We all need a game like this from time to time. It is one of the reasons why I loved Freelancer back in the day and why I am excited for NMS. Just the idea of cruising around space and looking at stuff and maybe doing some low impact trading sounds fantastic.

      Freelancer fan?

      What are your feelings toward Star Citizen?

        I honestly didn't play it, an oversight on my part sadly. I was however intrigued by elite dangerous I think it was though my plate of gaming is a little full currently so also have yet to get my hands on it too.

          In the same boat. I think I reinstall Freelancer and play it through maybe once a year, but my PC isn't quite up to the task of installing Elite: Dangerous yet. Once I save up enough for a new GPU, it's near the top of my to-buy list.

      Sounds crazy but I'm like that with Farm Simulator 15 which my friends don't 'get'. I love at the end of a night after a good gaming sesh to just chill out and plough or seed or harvest and just.....relax. Stress free gaming.

      Insert smiley face please Siri.

    Every time I see footage for this game I think to myself "Oh man I wanna play this so bad!"

    My problem... How long will I want to play it for? How long before the things that look fun in a 5 minute demo become beyond tedious?

    It's a super pretty looking game and that hook of trying to reach the center of the universe through upgrades is enough to keep me going. The sentinels are a nice new addition

    I hope there will be morpeus support though

    I'm starting to worry this game doesn't have any real content. If it just winds up being a another Minecraft clone (in space) where your major objectives are just cutting down X trees and gathering up Y rocks I will be disappointed.

      There are hostile enemies which were shown during the E3 presentation which you can avoid or fight to collect resources.

        I shall dub them, Space Creepers.

    I really want to have FTL style gameplay (with or without turn base system) in 3D just like this where you are one individual crew member who controls a function on a starship...

    I feel sorry for the devs. Even they themselves said to not get super hyped, they're a small studio. If they execute a cool vision that they had, I will be happy with that. It's not going to be Star Citizen levels of depth.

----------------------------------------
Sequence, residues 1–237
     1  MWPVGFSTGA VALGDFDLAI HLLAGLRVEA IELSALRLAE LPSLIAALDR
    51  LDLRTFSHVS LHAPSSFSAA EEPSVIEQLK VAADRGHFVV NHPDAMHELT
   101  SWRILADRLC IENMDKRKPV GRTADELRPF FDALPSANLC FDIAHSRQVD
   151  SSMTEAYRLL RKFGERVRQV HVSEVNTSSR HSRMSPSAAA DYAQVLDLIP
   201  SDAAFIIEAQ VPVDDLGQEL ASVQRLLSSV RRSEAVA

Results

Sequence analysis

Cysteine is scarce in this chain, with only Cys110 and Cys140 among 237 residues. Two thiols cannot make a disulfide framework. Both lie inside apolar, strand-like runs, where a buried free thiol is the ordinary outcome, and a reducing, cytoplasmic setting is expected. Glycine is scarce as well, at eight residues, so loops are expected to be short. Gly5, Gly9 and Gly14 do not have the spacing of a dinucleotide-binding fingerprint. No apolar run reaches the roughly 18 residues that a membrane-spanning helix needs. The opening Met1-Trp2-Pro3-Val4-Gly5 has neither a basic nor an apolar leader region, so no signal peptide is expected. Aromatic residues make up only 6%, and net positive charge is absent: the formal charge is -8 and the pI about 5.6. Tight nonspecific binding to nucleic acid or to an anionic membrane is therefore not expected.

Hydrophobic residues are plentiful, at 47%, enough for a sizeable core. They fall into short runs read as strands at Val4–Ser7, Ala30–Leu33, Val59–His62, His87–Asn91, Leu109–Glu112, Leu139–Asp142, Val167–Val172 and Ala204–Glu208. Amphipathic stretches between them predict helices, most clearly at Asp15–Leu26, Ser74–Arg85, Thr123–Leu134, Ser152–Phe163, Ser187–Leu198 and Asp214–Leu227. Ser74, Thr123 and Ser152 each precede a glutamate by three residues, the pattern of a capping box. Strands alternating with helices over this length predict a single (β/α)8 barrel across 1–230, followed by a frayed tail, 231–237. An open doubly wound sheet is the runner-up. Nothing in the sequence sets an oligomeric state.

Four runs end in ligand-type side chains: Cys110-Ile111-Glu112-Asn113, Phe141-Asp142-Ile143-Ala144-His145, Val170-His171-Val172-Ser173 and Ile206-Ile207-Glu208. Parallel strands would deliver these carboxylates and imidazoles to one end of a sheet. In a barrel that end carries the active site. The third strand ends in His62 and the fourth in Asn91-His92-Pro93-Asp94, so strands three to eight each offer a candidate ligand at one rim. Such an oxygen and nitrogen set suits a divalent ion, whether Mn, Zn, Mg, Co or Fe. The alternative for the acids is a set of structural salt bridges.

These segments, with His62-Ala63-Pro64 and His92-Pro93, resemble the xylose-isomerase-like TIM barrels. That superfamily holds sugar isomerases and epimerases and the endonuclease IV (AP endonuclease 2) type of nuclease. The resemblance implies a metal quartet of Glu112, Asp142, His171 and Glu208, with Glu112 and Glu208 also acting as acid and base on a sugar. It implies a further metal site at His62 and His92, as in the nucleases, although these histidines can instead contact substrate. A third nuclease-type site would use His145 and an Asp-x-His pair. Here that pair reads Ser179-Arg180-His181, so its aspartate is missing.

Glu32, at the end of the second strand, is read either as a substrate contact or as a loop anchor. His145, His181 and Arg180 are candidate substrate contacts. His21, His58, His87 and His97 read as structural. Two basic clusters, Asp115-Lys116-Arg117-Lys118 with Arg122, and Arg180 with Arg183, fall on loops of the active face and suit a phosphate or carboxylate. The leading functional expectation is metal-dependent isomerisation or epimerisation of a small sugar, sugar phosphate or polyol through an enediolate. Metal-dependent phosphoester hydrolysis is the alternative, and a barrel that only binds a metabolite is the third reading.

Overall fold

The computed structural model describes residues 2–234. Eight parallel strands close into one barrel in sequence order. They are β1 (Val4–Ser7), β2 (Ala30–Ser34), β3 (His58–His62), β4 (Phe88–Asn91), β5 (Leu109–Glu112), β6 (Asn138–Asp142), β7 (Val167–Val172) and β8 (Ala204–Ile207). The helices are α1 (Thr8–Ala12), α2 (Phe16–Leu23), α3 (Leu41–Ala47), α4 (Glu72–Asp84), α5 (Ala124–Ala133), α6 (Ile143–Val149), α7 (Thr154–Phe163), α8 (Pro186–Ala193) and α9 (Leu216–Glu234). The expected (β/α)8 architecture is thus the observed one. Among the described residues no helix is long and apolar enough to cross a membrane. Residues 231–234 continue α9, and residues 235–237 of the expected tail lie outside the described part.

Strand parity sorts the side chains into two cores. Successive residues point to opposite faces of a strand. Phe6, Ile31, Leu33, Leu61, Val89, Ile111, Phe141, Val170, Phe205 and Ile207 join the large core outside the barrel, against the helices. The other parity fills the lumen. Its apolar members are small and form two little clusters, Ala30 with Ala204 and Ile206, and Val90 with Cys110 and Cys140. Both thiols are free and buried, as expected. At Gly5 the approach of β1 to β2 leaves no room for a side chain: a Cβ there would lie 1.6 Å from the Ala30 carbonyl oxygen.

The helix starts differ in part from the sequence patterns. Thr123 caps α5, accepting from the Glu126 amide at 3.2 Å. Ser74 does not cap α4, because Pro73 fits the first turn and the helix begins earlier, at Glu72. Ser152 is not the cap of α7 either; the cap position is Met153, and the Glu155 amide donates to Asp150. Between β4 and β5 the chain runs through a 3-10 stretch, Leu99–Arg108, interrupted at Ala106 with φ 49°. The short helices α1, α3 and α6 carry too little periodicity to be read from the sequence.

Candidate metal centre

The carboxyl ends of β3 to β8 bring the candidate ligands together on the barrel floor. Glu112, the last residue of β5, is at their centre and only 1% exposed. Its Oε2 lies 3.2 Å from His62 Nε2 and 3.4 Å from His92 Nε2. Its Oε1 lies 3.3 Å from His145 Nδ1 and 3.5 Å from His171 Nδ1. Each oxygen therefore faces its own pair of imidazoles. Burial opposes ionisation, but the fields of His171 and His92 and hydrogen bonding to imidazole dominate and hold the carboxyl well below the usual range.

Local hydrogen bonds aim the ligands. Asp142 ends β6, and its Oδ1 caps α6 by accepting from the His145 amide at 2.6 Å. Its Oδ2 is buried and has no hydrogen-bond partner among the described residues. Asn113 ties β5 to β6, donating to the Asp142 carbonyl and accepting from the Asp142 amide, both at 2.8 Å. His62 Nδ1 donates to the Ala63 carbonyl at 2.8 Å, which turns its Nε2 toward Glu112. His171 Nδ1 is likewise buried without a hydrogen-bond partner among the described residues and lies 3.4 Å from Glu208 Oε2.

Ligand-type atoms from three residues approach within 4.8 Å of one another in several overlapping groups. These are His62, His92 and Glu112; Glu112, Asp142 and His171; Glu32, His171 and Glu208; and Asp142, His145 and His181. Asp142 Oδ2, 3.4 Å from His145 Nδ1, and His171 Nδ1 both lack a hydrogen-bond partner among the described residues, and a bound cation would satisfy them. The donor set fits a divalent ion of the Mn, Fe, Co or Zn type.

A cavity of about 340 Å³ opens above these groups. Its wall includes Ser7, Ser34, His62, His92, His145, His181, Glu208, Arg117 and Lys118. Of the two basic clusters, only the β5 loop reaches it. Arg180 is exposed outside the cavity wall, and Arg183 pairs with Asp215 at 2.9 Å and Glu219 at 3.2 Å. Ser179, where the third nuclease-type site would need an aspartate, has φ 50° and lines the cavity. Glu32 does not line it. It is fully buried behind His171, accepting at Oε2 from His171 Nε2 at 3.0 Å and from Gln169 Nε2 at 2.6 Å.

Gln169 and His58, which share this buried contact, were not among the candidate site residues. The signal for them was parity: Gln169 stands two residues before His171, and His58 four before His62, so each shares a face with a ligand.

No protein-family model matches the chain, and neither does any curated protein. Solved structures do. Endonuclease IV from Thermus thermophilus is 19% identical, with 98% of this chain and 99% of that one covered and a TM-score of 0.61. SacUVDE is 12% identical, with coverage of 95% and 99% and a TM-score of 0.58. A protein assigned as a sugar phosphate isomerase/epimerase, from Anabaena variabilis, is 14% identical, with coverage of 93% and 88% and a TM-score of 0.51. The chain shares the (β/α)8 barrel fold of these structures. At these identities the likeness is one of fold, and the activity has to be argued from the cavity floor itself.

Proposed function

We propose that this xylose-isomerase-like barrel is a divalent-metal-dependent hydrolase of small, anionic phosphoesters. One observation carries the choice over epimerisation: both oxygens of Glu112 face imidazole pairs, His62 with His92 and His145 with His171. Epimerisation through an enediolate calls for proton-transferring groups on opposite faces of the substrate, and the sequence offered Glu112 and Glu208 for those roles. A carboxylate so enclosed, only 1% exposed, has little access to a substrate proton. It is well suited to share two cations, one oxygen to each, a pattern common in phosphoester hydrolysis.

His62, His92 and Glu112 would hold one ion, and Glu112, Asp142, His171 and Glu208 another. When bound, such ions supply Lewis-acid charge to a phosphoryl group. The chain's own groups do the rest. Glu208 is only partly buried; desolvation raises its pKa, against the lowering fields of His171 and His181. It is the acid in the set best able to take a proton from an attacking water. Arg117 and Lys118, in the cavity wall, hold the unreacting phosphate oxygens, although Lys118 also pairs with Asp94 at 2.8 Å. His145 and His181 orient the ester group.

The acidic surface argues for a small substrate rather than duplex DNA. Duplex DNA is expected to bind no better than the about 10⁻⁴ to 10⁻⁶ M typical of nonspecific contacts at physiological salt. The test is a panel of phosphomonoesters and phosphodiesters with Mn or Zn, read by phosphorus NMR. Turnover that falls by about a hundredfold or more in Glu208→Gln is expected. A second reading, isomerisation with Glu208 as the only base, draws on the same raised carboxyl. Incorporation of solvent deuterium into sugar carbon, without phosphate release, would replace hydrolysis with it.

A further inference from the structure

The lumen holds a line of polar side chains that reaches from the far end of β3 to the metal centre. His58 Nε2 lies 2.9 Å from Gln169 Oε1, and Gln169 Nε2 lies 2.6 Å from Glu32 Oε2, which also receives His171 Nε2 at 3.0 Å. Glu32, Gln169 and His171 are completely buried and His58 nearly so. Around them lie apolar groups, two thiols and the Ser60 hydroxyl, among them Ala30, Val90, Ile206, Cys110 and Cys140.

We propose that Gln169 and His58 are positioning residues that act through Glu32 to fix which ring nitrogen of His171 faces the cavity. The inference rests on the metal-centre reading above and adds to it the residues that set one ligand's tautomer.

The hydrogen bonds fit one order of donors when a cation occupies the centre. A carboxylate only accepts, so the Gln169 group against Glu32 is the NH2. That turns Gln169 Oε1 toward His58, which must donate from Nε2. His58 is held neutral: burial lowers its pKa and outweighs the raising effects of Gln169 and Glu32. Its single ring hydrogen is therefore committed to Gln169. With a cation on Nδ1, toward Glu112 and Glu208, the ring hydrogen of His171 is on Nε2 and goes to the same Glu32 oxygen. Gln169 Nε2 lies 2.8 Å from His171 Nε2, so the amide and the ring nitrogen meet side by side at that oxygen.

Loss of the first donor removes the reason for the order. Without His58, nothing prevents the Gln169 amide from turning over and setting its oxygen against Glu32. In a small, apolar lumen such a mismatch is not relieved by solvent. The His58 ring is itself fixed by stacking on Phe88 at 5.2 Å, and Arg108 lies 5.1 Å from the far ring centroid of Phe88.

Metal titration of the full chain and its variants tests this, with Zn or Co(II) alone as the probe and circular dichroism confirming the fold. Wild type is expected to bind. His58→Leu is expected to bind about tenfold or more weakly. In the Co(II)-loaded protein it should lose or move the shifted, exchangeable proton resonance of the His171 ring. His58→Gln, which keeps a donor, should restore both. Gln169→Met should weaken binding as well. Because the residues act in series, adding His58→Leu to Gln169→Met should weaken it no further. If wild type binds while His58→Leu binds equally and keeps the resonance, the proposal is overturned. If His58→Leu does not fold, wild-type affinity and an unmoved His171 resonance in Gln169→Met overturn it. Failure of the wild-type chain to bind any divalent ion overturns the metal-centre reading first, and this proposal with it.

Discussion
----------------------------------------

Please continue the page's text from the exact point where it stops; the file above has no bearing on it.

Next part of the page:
So, sounds like Minecraft....in space........ shoulda called it StarCraft

      *boomtish*

      Complete with Space Creepers and Space Sheep.

    the Sentinels patrolling the planets you visit were made by an ancient race and seeded throughout the galaxy to preserve the delicate balance of planetary ecosystems.

    Wait so all of these undiscovered planets have already been discovered and have a patrolling security system? Bummer.

      I think it's more that the planets will have procedurally generated patrols. So the may be 'undiscovered' to players and the community, but in-game were discovered by 'ancient aliens'.

        Ancient aliens must have a pretty big bankroll to populate what seems an infinite amount of planets with huge mechs for patrol... Also... who's does the maintenance on these machines? And the beacons to keep them in working order...

        This game just seems way too far fetch...

          Are you actually complaining that a sci-fi game is "too far fetched"

          There are plenty of games that had "ancient races" that were far more advanced, creative and dominating than current races still around in the world.

          ie Dwarves from Skyrim, reapers from ME

        I hope they are randomly scattered, and do not exist in every solar system.

    Yep, this still looks like a game about nothing. I anticipate in the next year or so, plenty of post mortems from Hello games explaining how they probably should have been more focused and pulled the reigns back on their ambition a little bit.

    There was a game like this in Early Access a while ago which was going to let you build your ship in 3d. Probably doesn't look as good, and dev probably bankrupt living in box now but was a nice idea.

      Sounds like Planets Cubed ?

        nope, this one actually looked like it was going to have decent graphics, and didn't use voxels to build the world. You could assemble a ship with parts like on space engineers, however it looked better.

          Hm interesting, if you ever find out what it is i'd be interested!

    Some people are concerned with the hype levels but I'm pretty sure it's the kind of game where you can tell if you're going to be into it by this point. People may be forgetting it's STILL an indie game, it's not AAA. I love how it's a passion project though. Combining pre-existing elements from other games into a package that hasn't been seen before. And on a console! Making it super accessible. I think this video from GT.com really sums it up
    http://www.gametrailers.com/videos/cwkosr/no-man-s-sky-no-man-s-sky---e3-2015-impressions

    My only real concern for this game is that it runs well on my PS4 - if the overall gameplay is smooth or thereabouts, I can work with whatever else the game has in store for me because.....to be honest......it really sounds like my dream game.....like someone reached into my mind and designed a game specifically to please me. The icing on the cake will be Morpheus support - if it has that, I think a Morpheus headset purchase will be happening on launch day for sure.